Hello, friendly seniors!How can I help you today, Stegosaurus?This thing called Google knows the answer to every question ever!Type anything into the box, and the Google tells you everything you could possibly want to know!We are making excellent progress on the Tortpocalypse!PIggyback ride time!I feel so tall!Hanging out with seniors is so much fun!Have you helped a senior today?I vote more seniors hangouts from now on!

thewhimsyturtle:

This week’s Tortie Scouts are helping seniors!

I helped the seniors in our house by showing them how to use these new-fangled contraptions called tablets. Afterwards, the friendly seniors gave me piggyback rides!

Kirby! You’re so good at helping!

The round shape of a new species of fossil turtle, reported July 11, 2012, and found in Cerrejon coal mine in Colombia, would have meant more surface area to be warmed by the sun. (Liz Bradford)

A newfound giant turtle that lived 60 million years ago in what is now northwestern South America would have been more than a mouthful for a neighboring predator, the world’s largest snake Titanoboa.

The turtle’s huge carapace, or shell, was nearly circular, like a tire, the researchers said.

The fossil turtle was discovered in Colombia’s La Puente pit in the Cerrejón Coal Mine, made famous for its other treasures, including the extinct Titanoboa cerrejonensis, two crocodile species, Cerrejonisuchus improcerus and Acherontisuchus guajiraensis, as well as two turtle species, the small-car-size Carbonemys cofrinii and the thick-shelled Cerrejonemys wayuunaiki. (C. improcerus would have been an easy meal for the 45-foot, or nearly 14 meters, Titanoboa snake, said researchers who discovered the 6- to 7-foot-long snake.)

Named Puentemys mushaisaensis after the pit where it was found, the turtle, whose shell would have extended 5 feet (1.5 m) across, adds to growing evidence that tropical reptiles ballooned after the dinosaurs were wiped out.


Read more: http://www.foxnews.com/scitech/2012/07/12/giant-round-prehistoric-turtle-discovered/?cmpid=cmty_%7BlinkBack%7D_Giant%2C_round_prehistoric_turtle_discovered#ixzz20Szdz8XR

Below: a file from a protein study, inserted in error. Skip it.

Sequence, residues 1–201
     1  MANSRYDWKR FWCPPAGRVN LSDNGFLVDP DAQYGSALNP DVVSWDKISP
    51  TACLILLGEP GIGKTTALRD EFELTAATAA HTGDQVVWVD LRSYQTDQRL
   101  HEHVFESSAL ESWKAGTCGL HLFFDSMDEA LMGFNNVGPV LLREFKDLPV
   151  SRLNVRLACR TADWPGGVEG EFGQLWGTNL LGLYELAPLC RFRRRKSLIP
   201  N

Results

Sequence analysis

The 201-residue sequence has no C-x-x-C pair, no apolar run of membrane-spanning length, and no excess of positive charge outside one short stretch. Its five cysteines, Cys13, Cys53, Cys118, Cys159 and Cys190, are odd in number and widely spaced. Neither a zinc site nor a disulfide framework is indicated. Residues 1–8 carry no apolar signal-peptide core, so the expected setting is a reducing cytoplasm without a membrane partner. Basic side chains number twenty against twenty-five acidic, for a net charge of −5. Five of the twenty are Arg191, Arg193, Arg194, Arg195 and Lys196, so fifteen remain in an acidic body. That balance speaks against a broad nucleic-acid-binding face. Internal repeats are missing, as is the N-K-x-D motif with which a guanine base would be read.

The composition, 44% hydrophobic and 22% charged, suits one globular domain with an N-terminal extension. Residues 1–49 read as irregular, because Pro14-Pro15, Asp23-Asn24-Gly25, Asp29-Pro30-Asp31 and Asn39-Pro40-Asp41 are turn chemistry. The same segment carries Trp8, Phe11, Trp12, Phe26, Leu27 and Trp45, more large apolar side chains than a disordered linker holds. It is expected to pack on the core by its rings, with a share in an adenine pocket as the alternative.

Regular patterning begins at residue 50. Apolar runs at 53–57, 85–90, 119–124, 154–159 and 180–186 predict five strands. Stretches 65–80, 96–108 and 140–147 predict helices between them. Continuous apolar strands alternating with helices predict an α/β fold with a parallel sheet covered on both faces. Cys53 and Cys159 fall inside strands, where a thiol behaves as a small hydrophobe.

The round shape of a new species of fossil turtle, reported July 11, 2012, and found in Cerrejon coal mine in Colombia, would have meant more surface area to be warmed by the sun. (Liz Bradford)

A newfound giant turtle that lived 60 million years ago in what is now northwestern South America would have been more than a mouthful for a neighboring predator, the world’s largest snake Titanoboa.

The turtle’s huge carapace, or shell, was nearly circular, like a tire, the researchers said.

The fossil turtle was discovered in Colombia’s La Puente pit in the Cerrejón Coal Mine, made famous for its other treasures, including the extinct Titanoboa cerrejonensis, two crocodile species, Cerrejonisuchus improcerus and Acherontisuchus guajiraensis, as well as two turtle species, the small-car-size Carbonemys cofrinii and the thick-shelled Cerrejonemys wayuunaiki. (C. improcerus would have been an easy meal for the 45-foot, or nearly 14 meters, Titanoboa snake, said researchers who discovered the 6- to 7-foot-long snake.)

Named Puentemys mushaisaensis after the pit where it was found, the turtle, whose shell would have extended 5 feet (1.5 m) across, adds to growing evidence that tropical reptiles ballooned after the dinosaurs were wiped out.


Read more: http://www.foxnews.com/scitech/2012/07/12/giant-round-prehistoric-turtle-discovered/?cmpid=cmty_%7BlinkBack%7D_Giant%2C_round_prehistoric_turtle_discovered#ixzz20Szdz8XR